MIAMI It hardly had the feel of an NBA Finals rematch. Fans arrived late and they left early.
Miami's foe Thursday night might have been Dallas, but that was in name only. These Mavericks don't bear a great resemblance to the outfit that beat the Heat in the last spring's Finals.
The final score at AmericanAirlines Arena had the Heat winning 106-85. There were no miracle comebacks this time by the Mavericks, who were outscored 16-2 to close the night.
Nobody seemed too surprised afterward in the Heat locker room. For starters, while nobody wanted to say it, it's evident the Mavericks (29-23) have slipped plenty since the last time they were in Miami, for the series-clinching Game 6. But also, the Heat are starting to expect good things happening at home, where they've won 15 straight and are 21-2 overall.
"Not really," Heat guard Dwyane Wade said when asked if the lopsided score was surprising. "We've been playing very well here."
As for the road, it's been a different story. So is it any wonder that after Thursday's game, the Heat were doing as much talking about playing at 17-34 Toronto on Friday as they were about having just beaten the defending champions by 21?
The Heat are 15-11 on the road, which is the fourth-best mark in the league. But they've won just two of their past eight, with the past two games embarrassing losses at Oklahoma City and Indiana.
If the Heat (36-13), who are 3 games behind Chicago in the East, want to claim the top seed, they had better make a move now.
"We need to go on a streak," said Wade, who had 16 points. "We need to play well. When I say go on a streak, (I mean) just playing good basketball and see what the results do."
One thing that would help is if Heat forward LeBron James can get back to playing at the MVP level he had been showing much of the season. If the Gallup Poll were to spring into action, James might now be trailing Thunder forward Kevin Durant.
In none of his previous five games had James shot 50 percent, shooting 35 of 86 (40.7 percent) overall. With Miami placing six players in double figures Thursday, James wasn't needed to put up big numbers. But there were no complaints with his shooting 8 of 16 for 19 points, tying forward Chris Bosh for team honors, while grabbing nine rebounds and handing out five assists.
"I missed a lot of shots that I know I'm capable of making," James said of his slump. "I felt like I was in a groove (Thursday)."
How much James has been hurting during recent games is a matter of debate. He banged his head and his elbow March 20 against Phoenix and then dislocated a finger he popped back in place in the first half Monday at Indiana.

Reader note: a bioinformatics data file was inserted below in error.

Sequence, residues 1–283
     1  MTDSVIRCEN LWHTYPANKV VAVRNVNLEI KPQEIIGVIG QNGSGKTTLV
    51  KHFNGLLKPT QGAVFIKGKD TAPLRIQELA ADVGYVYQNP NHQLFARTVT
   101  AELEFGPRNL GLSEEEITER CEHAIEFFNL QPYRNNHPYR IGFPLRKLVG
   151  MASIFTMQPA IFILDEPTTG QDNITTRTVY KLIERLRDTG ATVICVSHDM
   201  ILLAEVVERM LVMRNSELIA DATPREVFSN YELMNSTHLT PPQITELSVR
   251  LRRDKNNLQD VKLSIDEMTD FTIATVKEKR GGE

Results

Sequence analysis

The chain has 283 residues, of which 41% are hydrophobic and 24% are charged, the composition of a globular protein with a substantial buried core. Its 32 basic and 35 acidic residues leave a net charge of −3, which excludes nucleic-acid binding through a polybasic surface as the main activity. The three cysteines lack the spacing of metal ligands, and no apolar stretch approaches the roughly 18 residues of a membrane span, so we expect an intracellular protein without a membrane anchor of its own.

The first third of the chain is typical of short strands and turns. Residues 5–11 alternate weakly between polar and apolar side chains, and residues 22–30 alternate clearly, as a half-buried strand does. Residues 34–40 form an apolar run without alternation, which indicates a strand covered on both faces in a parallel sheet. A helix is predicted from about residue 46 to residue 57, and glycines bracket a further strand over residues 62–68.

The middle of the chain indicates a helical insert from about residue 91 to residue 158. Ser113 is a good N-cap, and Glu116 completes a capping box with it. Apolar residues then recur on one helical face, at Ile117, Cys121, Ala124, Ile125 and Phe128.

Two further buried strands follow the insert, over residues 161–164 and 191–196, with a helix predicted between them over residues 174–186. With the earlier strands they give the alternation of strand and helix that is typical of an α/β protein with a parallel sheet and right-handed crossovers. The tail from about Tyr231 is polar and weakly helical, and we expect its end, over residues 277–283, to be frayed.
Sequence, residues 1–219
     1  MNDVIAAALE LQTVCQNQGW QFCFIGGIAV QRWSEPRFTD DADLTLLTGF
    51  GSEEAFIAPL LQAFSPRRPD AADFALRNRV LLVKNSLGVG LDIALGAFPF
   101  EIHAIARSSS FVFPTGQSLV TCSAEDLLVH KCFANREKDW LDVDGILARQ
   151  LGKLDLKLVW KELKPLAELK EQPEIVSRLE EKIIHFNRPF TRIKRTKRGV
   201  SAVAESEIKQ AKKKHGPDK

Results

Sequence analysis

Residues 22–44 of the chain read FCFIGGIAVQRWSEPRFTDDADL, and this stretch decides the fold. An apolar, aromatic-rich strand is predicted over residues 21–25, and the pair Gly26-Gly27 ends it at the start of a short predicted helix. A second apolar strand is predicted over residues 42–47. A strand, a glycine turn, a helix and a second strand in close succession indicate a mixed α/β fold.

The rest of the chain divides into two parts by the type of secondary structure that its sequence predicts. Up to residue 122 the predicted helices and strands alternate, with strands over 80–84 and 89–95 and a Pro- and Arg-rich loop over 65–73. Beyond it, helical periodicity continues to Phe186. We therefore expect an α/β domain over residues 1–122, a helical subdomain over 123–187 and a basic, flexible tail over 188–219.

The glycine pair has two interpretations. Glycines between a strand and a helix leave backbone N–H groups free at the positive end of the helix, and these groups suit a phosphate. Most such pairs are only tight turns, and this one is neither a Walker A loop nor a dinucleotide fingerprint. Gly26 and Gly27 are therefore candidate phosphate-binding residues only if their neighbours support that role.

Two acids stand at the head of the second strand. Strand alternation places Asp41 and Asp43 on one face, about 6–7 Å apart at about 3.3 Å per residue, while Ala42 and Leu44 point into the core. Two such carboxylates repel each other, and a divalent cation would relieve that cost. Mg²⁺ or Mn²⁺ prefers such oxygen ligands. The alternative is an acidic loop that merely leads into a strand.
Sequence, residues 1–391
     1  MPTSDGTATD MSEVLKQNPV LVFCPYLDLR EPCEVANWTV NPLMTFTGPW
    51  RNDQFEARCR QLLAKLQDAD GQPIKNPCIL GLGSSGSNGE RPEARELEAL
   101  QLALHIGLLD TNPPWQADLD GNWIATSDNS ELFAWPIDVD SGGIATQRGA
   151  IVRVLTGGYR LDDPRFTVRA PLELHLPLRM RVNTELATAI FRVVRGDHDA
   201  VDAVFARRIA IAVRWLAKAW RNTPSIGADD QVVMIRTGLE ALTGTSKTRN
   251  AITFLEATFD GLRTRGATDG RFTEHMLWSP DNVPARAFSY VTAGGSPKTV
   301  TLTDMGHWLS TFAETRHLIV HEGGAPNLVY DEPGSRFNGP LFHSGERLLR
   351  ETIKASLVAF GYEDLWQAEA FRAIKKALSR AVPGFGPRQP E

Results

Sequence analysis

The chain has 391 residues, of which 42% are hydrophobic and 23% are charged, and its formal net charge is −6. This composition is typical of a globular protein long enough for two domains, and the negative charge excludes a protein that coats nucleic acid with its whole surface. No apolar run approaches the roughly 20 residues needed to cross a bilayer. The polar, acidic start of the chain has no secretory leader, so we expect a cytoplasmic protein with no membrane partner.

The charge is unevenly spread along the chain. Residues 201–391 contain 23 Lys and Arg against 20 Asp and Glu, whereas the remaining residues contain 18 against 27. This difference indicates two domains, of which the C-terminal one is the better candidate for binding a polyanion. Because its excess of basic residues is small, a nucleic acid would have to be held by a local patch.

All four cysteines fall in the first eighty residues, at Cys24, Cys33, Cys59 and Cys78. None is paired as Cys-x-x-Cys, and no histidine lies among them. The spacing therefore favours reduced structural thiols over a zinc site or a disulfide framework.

"It's that point in the season," James said of his injuries. "Everybody (aches). I don't know if there is one person that is 100 percent at this point of the season. Any team. If I'm in uniform, I put a lot of pressure on myself to be productive. I've got ailments and things like that, but when I put on a uniform and put that jersey on my back, then I need to go out there and help our team win."
James, the 2009 and 2010 MVP, did just that. If there was any duel between the guys who have won the award, it was gone by the second half. Dallas forward Dirk Nowitzki, the 2007 winner, shot 8 of 10 for 16 points in the first half before going 1 of 9 after intermission and finishing with 25 points.
"They really picked up the pressure," Nowitzki said. "They got into us. We didn't really have any good looks anymore."
Miami coach Erik Spoelstra spent the first 30 seconds of his postgame news conference talking about beating Dallas. Then he immediately launched into what could be his pregame pep talk in Toronto.
"We go right back on the road," said Spoelstra, whose Heat play Sunday at Boston to conclude a stretch of five of six on the road. "No chance to feel comfortable. We can come up with any excuse that we want. I'll throw them out there right now, OK?
"Back-to-back (games). We'll arrive in Toronto probably around 4 a.m. We'll probably get to sleep around 5:30 or 6. Early game (starting at 7 p.m.). Do you want any other excuses? We haven't played well on the road the last two games. This is great opportunity for us It's time for a response on the road."
Yes, that's a lot of passion for a game against the lowly Raptors. But Spoelstra knows the Heat's recent road failings have put his team at bit of a crossroads.
"We're going to play well on the road," Bosh declared. "We know we have some more work to do. We're going to pick it up."
If the Heat don't, they always can make some excuses. Spoelstra has provided plenty of suggestions.
Chris Tomasson can be reached at firstname.lastname@example.org or on Twitter: @christomasson